SEPTEMBER
1996

 

 

 

By
Tom Turpin
 
Professor of
Entomology
Purdue University

 

 

 

 

 

9-26-96

Magnificent Monarch Migrators Are Magical

Each fall, during September and October, monarch butterflies from across North America can be seen moving to their overwintering grounds in Mexico. The migration begins in the northern part of the monarch range, in parts of Canada.

This remarkable movement of insects is somewhat like an avalanche in that it grows in size as it moves. Local monarchs join the throng as they flutter lazily southward. The original Canadian butterflies are soon accompanied by those from Michigan or New York. By the time the monarchs reach the Mexican border, insects from all of the eastern states have succumbed to the urge to go south.

Like an avalanche or a glacier, the monarchs seem to flow along certain routes. The butterflies don't like to fly across water and prefer to stay over land. Many Canadian monarchs cross into Michigan from Port Huron to Detroit because they are being funneled southward between Lake Huron and Lake Erie. In the same way, the migrating butterflies tend to flow along the Eastern Seaboard and across the Gulf Coast states on their way to the overwintering grounds.

The magnificent migrating monarchs also come together in groups along the route for reasons other than to stay over land. One of the most spectacular is when they go to roost at night. Monarch butterflies, like all butterflies, do not fly at night, so when the sun sets so do the monarchs.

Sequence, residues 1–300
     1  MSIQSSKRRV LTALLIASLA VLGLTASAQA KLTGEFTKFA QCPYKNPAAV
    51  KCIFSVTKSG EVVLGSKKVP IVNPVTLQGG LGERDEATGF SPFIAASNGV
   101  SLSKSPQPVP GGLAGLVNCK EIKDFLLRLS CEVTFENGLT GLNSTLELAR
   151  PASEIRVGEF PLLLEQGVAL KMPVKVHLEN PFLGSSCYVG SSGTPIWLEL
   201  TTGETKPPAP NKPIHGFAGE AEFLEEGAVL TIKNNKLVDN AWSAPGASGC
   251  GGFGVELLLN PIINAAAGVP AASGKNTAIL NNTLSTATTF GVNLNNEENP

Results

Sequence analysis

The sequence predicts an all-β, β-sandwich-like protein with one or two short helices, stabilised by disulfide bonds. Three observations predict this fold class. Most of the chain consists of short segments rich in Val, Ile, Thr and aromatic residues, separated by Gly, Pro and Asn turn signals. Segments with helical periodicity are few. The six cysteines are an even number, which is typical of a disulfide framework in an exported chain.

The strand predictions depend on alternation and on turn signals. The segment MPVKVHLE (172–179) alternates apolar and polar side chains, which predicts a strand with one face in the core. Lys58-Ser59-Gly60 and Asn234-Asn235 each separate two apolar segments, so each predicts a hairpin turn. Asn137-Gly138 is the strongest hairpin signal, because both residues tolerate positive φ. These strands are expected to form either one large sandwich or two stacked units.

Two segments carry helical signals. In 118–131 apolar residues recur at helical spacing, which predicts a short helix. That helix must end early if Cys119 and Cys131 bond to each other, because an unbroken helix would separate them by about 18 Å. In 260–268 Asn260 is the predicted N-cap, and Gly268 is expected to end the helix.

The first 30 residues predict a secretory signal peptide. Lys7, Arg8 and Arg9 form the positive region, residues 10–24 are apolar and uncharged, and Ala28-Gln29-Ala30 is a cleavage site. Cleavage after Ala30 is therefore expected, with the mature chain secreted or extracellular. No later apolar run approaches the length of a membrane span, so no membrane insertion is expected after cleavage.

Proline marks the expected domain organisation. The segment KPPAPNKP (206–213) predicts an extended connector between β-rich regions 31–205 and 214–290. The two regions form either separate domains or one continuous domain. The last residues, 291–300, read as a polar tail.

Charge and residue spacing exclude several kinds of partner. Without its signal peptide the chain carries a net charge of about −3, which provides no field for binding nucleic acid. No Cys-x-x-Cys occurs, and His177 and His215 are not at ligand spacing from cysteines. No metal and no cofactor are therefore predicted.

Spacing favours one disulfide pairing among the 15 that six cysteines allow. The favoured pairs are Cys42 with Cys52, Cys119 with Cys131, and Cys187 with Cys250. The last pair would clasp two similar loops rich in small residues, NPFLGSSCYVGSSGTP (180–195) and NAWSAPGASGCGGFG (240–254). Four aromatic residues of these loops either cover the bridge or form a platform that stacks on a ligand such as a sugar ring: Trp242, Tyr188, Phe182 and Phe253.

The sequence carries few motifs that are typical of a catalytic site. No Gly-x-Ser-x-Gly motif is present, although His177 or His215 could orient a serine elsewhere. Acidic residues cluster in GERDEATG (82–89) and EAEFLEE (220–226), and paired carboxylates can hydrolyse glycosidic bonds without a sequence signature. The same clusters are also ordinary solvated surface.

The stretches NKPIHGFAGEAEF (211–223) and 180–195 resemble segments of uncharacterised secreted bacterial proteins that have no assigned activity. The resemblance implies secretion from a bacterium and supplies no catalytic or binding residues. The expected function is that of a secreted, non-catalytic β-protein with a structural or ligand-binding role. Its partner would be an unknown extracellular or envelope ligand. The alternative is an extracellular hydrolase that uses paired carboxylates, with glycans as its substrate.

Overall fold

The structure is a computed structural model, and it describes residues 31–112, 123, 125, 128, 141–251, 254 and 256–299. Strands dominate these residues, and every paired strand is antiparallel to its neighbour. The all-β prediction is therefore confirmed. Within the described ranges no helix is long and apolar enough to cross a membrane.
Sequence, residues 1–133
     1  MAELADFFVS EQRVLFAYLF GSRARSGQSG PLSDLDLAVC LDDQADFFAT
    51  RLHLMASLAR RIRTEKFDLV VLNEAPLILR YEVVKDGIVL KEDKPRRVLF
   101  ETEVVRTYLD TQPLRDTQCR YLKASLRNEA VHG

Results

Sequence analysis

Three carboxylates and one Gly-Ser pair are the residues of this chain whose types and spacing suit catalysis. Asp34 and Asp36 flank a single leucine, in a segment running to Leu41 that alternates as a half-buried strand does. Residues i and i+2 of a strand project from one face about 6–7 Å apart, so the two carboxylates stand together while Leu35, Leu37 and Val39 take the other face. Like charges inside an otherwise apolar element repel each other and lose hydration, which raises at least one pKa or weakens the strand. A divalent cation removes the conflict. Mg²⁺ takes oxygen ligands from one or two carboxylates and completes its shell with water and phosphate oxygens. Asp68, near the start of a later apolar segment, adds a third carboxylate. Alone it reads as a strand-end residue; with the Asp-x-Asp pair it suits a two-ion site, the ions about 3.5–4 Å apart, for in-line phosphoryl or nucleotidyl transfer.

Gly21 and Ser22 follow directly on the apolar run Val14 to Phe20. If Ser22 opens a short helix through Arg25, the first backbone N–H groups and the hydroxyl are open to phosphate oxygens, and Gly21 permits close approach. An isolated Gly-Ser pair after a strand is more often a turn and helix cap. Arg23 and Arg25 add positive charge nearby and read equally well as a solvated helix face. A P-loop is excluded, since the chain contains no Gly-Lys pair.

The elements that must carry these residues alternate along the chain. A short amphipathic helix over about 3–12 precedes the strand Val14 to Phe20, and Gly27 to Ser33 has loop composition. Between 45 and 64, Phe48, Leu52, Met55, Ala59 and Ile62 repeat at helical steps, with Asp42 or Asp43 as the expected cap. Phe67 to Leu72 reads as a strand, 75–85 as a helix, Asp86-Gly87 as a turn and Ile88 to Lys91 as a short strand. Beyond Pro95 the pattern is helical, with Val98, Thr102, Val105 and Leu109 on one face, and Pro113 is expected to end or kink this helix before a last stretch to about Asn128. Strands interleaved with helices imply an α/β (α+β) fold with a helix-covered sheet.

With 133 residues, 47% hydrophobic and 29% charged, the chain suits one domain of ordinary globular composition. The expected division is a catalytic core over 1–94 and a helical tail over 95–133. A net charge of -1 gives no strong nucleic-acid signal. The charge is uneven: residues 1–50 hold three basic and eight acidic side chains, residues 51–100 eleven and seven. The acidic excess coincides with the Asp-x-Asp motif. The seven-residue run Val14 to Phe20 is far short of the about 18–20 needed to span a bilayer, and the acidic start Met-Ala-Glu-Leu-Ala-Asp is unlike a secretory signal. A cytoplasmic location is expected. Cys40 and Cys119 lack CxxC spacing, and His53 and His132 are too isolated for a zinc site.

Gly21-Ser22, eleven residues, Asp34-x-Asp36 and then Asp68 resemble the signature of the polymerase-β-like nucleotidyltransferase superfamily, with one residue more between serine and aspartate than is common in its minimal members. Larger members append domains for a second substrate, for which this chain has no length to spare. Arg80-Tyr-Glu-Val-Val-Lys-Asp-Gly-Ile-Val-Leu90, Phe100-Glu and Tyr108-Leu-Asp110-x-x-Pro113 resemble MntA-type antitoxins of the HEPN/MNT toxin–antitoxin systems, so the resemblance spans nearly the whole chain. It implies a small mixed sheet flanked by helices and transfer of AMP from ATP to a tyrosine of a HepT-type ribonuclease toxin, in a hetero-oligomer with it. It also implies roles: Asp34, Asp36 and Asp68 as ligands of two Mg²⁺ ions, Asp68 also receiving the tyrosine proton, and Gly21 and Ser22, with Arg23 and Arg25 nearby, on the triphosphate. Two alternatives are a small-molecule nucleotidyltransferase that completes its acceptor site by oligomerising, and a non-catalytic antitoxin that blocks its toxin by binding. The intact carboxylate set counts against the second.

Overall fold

Roosting monarchs generally gather on the same tree. With wings folded in the resting position, the insect hangs from a branch and, at first glance, resembles a leaf. These butterfly trees are an impressive sight in the morning when the rays of the fall sun warm up the overnight monarch guests. The butterflies begin slowly opening and closing their wings, and the tree appears to come alive.

Some trees just seem to become a resting place for monarchs year after year. In other situations, a tree may become a gathering place for several nights even though it had never been used for that purpose before. In either case, humans who see it have been treated to one of the true miracles of nature.

Monarchs on the move need energy for flight. They get this energy from nectar. Thus, many, many monarchs can be seen sipping nectar or flitting from flower to flower. In the Midwest, goldenrod flowers provide a good nectar source. Hundreds or thousands of monarchs might frequent abandoned meadows ripe with goldenrod during the fall migrations.

Monarchs never seem to be in a hurry as they migrate. And they aren't. After all, it's a long trip — sometimes 2,000 miles — and butterflies aren't built for speed. The monarchs generally follow the fall from north to south, arriving at the wintering grounds sometime in November. All of that travel time provides more opportunity for us humans to marvel at the magic of the monarch migration!

 

Writer: Tom Turpin
Editor: Andrea McCann